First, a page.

Even after the passage of the California initiative, Clinton drug czar Gen. Barry McCaffrey was unwilling to give up the fight. Calling marijuana a "gateway" to harder drugs, he maintained, "there is not a shred of scientific evidence that shows that marijuana is useful or needed. This is not medical. It's a cruel hoax." To prove his point, he threatened to revoke the license and even arrest doctors who prescribed marijuana to their patients. He also commissioned a study by the Institute of Medicine, a division of the National Academy of Sciences, to settle the matter of marijuana's medical efficacy. After an 18-month investigation, a panel of 36 scientific experts issued a report in March 1999 that seemed to have something for everyone.

It found that marijuana was neither addictive nor a gateway drug and concluded that, "There are some limited circumstances in which we recommend smoking marijuana for medical uses"--primarily for the terminally ill, "who suffer from severe pain, nausea, and appetite loss."

The report did not call for the legalization of medical marijuana. Rather it recommended that clinical trials be allowed to study its safety and effectiveness. It indicated that the future of marijuana was not in its smoked form because users may face an increased risk of lung damage and cancer. What was needed instead was the development of "a nonsmoked rapid onset cannabinoid drug delivery system"--an inhaler or patch or suppository.

Some medical marijuana opponents feel that delivery system is already available in the form of the FDA-approved pill Marinol, which contains synthetic THC. But patients claim that Marinol takes too long to work, and when it does, it comes on too strong. With 60 different cannabinoids (including THC) in the marijuana plant, there may be some combination of elements that is causing whatever good patients derive from smoking it.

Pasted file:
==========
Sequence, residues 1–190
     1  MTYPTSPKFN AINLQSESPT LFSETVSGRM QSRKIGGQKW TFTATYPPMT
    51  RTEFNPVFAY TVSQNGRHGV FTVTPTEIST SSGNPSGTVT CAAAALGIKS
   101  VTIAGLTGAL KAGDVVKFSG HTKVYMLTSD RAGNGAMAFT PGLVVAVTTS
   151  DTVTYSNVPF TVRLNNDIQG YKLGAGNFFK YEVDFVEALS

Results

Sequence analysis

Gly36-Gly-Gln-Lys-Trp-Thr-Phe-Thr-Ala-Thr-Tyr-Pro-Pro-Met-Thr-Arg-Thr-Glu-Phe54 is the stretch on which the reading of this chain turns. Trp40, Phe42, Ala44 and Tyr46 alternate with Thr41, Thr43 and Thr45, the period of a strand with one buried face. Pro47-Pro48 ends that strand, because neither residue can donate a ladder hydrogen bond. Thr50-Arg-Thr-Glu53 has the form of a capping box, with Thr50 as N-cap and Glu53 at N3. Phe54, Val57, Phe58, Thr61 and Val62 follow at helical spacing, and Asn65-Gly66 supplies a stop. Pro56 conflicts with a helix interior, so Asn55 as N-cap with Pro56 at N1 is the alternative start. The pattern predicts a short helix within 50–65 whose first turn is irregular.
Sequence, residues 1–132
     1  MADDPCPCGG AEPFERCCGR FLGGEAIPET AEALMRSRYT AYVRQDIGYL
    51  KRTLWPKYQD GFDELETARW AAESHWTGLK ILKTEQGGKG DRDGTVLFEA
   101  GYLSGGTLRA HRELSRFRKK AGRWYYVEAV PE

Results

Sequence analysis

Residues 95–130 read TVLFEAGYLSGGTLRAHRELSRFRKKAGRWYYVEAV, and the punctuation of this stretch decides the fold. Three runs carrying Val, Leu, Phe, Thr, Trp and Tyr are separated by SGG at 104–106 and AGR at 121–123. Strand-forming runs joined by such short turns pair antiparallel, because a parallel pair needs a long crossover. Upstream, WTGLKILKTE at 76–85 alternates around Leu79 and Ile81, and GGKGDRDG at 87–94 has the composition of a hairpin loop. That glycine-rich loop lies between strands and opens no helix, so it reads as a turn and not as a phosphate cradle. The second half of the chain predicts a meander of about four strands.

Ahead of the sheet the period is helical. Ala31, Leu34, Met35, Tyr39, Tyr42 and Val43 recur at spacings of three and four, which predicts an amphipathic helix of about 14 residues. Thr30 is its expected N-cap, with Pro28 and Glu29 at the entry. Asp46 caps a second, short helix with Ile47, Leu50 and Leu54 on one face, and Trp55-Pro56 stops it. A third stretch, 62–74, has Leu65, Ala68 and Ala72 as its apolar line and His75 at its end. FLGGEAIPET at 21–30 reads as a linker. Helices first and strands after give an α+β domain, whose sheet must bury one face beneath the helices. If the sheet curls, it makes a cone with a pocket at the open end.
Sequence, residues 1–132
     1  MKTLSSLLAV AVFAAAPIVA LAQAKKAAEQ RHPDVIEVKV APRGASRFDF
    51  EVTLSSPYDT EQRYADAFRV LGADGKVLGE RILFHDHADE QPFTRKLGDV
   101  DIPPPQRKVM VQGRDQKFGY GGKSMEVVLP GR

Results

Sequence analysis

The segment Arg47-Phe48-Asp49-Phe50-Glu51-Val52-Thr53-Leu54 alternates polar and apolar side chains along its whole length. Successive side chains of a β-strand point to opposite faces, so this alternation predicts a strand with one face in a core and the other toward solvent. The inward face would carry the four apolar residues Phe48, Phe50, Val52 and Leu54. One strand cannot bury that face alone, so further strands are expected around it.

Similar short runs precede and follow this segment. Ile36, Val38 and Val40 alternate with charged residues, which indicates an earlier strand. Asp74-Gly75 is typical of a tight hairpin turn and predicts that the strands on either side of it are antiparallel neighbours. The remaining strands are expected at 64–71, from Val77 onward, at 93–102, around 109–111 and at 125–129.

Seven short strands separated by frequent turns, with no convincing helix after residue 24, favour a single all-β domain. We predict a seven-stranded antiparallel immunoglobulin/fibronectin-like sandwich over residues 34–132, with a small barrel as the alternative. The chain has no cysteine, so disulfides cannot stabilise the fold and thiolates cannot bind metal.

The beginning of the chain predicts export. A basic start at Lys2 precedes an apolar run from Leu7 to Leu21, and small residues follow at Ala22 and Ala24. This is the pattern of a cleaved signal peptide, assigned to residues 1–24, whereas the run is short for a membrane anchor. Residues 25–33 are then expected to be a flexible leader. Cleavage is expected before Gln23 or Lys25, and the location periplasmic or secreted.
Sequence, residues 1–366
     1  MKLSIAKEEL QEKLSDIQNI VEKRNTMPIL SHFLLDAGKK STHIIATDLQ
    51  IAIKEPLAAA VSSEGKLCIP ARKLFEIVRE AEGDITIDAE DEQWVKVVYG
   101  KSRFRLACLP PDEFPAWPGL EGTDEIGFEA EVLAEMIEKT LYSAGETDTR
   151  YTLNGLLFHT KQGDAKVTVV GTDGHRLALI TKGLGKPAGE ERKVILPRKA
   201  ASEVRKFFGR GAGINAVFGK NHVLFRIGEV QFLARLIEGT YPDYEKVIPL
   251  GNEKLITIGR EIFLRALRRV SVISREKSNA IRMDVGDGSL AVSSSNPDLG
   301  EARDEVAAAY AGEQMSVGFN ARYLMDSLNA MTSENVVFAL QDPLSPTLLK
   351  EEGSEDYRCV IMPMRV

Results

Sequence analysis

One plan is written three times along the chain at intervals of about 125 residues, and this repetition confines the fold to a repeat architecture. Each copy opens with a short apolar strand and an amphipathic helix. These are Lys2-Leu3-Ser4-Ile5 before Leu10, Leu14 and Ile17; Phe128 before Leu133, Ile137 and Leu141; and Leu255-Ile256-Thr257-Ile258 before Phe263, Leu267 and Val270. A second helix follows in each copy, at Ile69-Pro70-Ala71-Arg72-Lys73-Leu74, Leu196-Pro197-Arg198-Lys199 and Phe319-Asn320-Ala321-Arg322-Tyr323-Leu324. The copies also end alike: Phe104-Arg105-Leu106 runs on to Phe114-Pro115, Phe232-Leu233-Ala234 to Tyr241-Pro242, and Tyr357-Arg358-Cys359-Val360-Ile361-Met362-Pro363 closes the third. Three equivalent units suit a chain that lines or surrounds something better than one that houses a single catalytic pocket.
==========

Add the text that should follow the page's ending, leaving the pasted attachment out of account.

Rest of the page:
"Marijuana advocates have dismissed the most damaging conclusion in the report," Lt. Col. Maginnis says. "That marijuana's future as medicine does not require smoking. It's just bad medicine and bad policy...a red herring for those whose agenda is legalization."

Pharmacology professor Morgan finds the debate over delivery systems more about policy than medicine. "It's like the government is saying, 'You may take synthetic Vitamin C to prevent scurvy, but you may not drink orange juice because it's against the law.'"

With the medical debate raging, the legal battle wasn't far behind. In 1998, the California U.S. Attorney's Office sued the Oakland Cannabis Buyers' Cooperative and convinced a federal judge to order it closed, finding it violated the federal law prohibiting the sale and distribution of the drug. The cooperative raised the defense of medical necessity on the part of its members, and at one point, a federal appeals court agreed with its position. After all, patients who could legally possess pot under California law had to have some way of legally obtaining it. Not if it violates federal law, argued the government, which succeeded in convincing the Supreme Court to hear the case.